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In concluding that whites were a superior species, Long violated the integrity of the European mind itself. To legitimise a doctrine of property rights that was necessitated by the monopoly control of land, he violated the humanity of the oppressors. Edward Long was not an evil person. He was socialised by an ideology that had to defend itself by any means. This included the selfflagellation of the mind and of the morals of those who abused the humanity of others. This mentality was carried over to the institutions and politics of the 20th century.

Chapter 6

Genocide & the Concentration Camp

W

HEN Europe’s Great Powers reached the outer limits of global expansion, their state constitution left them with no choice but to turn their territorial ambitions inwards on each other. This was the story of the 20th century. The spatial conflicts were played out in the wars of two ideologies – capitalism and communism – with dead people as the necessary by-product of the struggle to re-order the European space. Table 6:1 offers estimates of the number of victims. The actual numbers cannot be computed with accuracy. Matthew White offers a comprehensive survey of the published evidence in his on-line Historical Atlas of the 20th Century.1 Killing was on an industrial scale, and genocide featured as a necessary element of the process. Civilians were part of the “collateral damage” of set-piece military conflicts. As good an estimate of the number of victims as we can get appears to be around the 180m mark (Table 6:1).

Table 6:1  Deaths by War and Oppression: the 20th century record (millions) Mode of Killing Genocide & Tyranny Military Wars Civilian Deaths in Wars Man-made Famines Total Source: White (2001). 1  White (2001).

Total 83 42 19 44 188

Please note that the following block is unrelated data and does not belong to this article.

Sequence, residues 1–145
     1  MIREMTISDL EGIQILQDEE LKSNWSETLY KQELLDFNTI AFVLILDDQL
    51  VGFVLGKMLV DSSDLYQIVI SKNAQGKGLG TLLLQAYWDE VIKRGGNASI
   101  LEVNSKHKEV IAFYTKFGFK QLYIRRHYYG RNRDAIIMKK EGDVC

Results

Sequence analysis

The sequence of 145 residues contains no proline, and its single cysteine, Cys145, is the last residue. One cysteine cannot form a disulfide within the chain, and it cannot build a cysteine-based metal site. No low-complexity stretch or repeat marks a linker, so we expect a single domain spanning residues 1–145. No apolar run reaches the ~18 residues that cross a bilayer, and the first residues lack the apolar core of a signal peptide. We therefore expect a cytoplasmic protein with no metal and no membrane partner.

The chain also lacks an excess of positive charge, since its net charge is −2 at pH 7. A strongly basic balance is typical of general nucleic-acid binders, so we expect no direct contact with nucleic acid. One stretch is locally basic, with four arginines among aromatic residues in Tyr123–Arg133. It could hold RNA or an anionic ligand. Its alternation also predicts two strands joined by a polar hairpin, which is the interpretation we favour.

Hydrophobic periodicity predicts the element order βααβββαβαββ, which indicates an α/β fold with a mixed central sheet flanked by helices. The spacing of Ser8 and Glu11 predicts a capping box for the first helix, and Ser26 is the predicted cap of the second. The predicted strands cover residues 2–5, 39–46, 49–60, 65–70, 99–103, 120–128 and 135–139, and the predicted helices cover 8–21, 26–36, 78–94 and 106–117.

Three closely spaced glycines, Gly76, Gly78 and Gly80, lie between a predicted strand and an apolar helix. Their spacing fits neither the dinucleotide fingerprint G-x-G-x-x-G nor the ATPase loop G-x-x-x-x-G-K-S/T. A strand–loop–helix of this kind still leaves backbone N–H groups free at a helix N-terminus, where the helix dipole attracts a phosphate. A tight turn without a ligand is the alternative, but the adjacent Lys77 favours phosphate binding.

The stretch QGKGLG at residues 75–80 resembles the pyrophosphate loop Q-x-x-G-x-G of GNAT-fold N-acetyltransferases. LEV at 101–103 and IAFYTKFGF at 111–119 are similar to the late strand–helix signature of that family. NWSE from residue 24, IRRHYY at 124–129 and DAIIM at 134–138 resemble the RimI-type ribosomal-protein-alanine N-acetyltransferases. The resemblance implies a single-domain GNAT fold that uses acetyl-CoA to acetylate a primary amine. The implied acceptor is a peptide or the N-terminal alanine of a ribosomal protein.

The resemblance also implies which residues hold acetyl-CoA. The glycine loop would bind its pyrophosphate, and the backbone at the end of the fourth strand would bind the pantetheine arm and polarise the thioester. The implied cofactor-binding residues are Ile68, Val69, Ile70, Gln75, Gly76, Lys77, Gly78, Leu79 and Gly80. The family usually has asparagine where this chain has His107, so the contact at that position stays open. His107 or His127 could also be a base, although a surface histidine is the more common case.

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Can we really account for these tragedies in terms of a single causal mechanism? Historians, because they tend to confine their descriptions to observable events, would dismiss my hypothesis as superficial. So it would pay to refer back to the foundation texts. In particular, given that communism was inspired by hostility to capitalism, what did Karl Marx say about the internal dynamics of the capitalist system? Marx stressed the role of capital – the man-made tools for adding value to the wealth of the nation. His 3-volume work was called Das Kapital. If he had called it, say, The Monopoly of Land, the 20th century might have taken an entirely different course. But he didn’t do so, of course, so what do we learn from his theoretical framework? Capital, it appears, far from being the instrument for exploiting the working class, was itself the victim of a prior set of values. Capitalists, in their role as producers of goods (recognising that many capitalists were also significant land owners) were exploited by land owners who offered land on predatory terms. Insofar as employers were able to take advantage of their employees, this was predicated on the prior displacement of people from the land they needed to create independent ways of earning a living. In Critique of the Gotha Programme, Marx wrote the words which are popularly accepted as representing the structure of power in capitalism: “In present-day society the instruments of labour are the monopoly of the landowners and the capitalists”. Marxist scholarship and ideological pamphlets of the past century have been based on the premise that wicked employers were the architects of the terrible deeds of exploitation inflicted on the working class. But Marx qualified his statement. The words he added in brackets stood the whole Marxist structure on its head. He wrote: …the monopoly of property in land is even the basis of the monopoly of capital…2 The overriding power in the capitalist economy was in the hands of land monopolists. Factory owners of the early Industrial Revolution 2  Marx (1973b: 19). Emphasis in original